Dear Dan: My Boss Says I’m Off-Putting But I Don’t Agree

Dear Dan,

I am a female professional working in government (I am not a manager but am in a position of influence and leadership).

I have received feedback from my manager that I am “direct” which she states is off-putting. She is unable to provide specifics on what I am saying or doing that is off-putting.

I don’t consider myself rude, blunt, unempathetic, or angry. I don’t yell, raise my voice, name call, cut people down or cut people off. I engage in small talk, active listening, smile, ask others how they are or how I can support them.

I seek clarity when I am confused using phrases such as “help me understand” or “that didn’t feel good so I would like to figure out how to work better together going forward.”

I used to be a fast walker and fast talker but have stopped doing that completely.

I have attended training, am a prolific reader of growth books (in addition to everything else) and watch and try to learn from other leaders in our organization but I just can’t seem to “dial it back.”

I guess this is a long way of asking you to consider doing a blog on how to be direct without being direct LOL or something along those lines.

Sincerely,

Perplexed by Negative Feedback

Dear Perplexed,

Thank you for your email. Let me dive right in.

Knowing how others perceive you is necessary in political environments. And whether we like it or not politics is part of organizational life – especially in governments.

There are two options when we receive disconfirming feedback – Lean in or push back. Most of your email is push back. 

The manager:

Your manager failed by giving feedback without examples.

If she doesn’t have examples, she may be a messenger for others. Perhaps she’s receiving complaints about you.

Your manager may be the problem. Perhaps she’s confused or threatened by you. Or, maybe she has an ax to grind.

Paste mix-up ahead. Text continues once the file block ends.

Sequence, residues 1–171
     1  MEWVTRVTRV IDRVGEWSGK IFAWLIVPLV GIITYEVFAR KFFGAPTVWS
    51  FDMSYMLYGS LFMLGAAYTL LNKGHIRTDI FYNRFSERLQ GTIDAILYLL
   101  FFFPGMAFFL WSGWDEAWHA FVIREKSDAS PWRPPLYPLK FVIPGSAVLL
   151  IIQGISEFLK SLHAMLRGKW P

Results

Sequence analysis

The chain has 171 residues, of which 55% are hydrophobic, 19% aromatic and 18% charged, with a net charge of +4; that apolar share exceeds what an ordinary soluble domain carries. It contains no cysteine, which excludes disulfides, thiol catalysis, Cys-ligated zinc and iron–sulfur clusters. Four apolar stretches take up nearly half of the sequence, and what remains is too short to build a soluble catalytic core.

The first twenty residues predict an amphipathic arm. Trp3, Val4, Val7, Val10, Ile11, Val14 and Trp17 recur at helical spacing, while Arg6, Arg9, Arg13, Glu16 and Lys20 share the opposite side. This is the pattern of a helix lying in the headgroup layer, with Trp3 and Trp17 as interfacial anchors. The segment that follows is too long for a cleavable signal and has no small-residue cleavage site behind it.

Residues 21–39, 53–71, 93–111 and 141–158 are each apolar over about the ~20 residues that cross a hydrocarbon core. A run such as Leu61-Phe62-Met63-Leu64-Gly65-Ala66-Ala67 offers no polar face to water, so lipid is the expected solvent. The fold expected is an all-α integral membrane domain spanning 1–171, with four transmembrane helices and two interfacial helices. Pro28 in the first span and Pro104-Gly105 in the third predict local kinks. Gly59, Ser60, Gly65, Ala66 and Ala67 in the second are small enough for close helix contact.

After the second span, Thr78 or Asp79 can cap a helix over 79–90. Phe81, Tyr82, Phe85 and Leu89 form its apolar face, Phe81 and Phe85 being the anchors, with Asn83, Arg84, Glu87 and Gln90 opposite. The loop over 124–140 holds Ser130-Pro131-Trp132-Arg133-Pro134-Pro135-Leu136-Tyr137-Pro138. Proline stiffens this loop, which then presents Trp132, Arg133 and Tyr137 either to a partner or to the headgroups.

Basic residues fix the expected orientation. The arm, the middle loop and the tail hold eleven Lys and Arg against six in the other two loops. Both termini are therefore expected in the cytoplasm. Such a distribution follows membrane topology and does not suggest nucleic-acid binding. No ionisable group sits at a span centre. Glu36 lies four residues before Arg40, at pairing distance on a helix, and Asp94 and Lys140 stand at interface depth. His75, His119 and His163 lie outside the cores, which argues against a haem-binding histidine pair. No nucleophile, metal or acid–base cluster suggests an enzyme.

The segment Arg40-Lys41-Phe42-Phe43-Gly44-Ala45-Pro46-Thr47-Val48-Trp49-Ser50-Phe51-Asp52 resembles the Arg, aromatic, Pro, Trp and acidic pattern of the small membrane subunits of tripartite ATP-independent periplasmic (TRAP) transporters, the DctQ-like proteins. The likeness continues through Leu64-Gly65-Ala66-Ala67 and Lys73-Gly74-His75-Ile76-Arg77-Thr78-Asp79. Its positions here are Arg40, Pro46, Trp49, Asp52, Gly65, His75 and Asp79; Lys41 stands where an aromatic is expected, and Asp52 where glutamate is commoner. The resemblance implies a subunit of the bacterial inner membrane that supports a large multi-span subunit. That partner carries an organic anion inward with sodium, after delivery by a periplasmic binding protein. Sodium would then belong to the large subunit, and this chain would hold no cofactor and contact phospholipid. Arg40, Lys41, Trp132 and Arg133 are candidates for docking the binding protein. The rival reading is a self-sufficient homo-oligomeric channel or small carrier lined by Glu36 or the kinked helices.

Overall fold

It’s not useful to approach your manager like she’s the problem.

Own your development:

It won’t hurt you to assume she’s right. It might actually help to believe you’re off-putting but don’t see it.

Disconfirming feedback points to blindspots.

The last line of your email misses the point. You wrote, “… how to be direct without being direct ….”

The issue is being off-putting, not being direct. Direct communication is useful. But being off-putting distracts others and hinders you.

4 ways to get the most from disconfirming feedback:

#1. Ask for IN THE MOMENT feedback.

You might say, “Thanks for your feedback about me being off-putting. I don’t intend to be that way. It would help me if you would pull me aside and let me know when you see me doing something that’s off-putting.”

I’ll never forget being told that I was pushy. I wanted to say, “No, I’m not!”

I judge myself by my positive intentions, not by negative behaviors. When someone pointed it out – in the moment – the lights came on.

#2. Ask a different question.

You want to know what you’re doing wrong but your boss can’t give you examples. Try asking, “What could I do to be more welcoming, approachable, or open?”

Eliminating negative behaviors is part of growth. But in this case, it might be better to turn your attention to positive behaviors.

Whatever behaviors you employee to make things better, they must be different from what you’re already doing.

#3. Seek suggestions from trusted colleagues.

Who are the most open, approachable, and welcoming people you know? Ask them for specific behaviors that project a welcoming spirit, for example.

Friends and family who agree with your frustration aren’t helpful. When someone says, “I can’t believe your manager said that to you,” they strengthen your inclination toward self-justification. (We all have an inclination toward self-justification.)

#4. Read Emotional Intelligence 2.0 by Travis Bradberry.

#5. Avoid the tendency to use the faults of others as reasons to ignore them.

You seem highly motivated. I’m sure this situation is disappointing and frustrating. My suggestion is to lean in, rather than push back. I’m writing this email from a position of utility, not moral correctness.

You have my best,

Dan

What suggestions do you have for Perplexed?

*I relax my 300 word limit on weekends.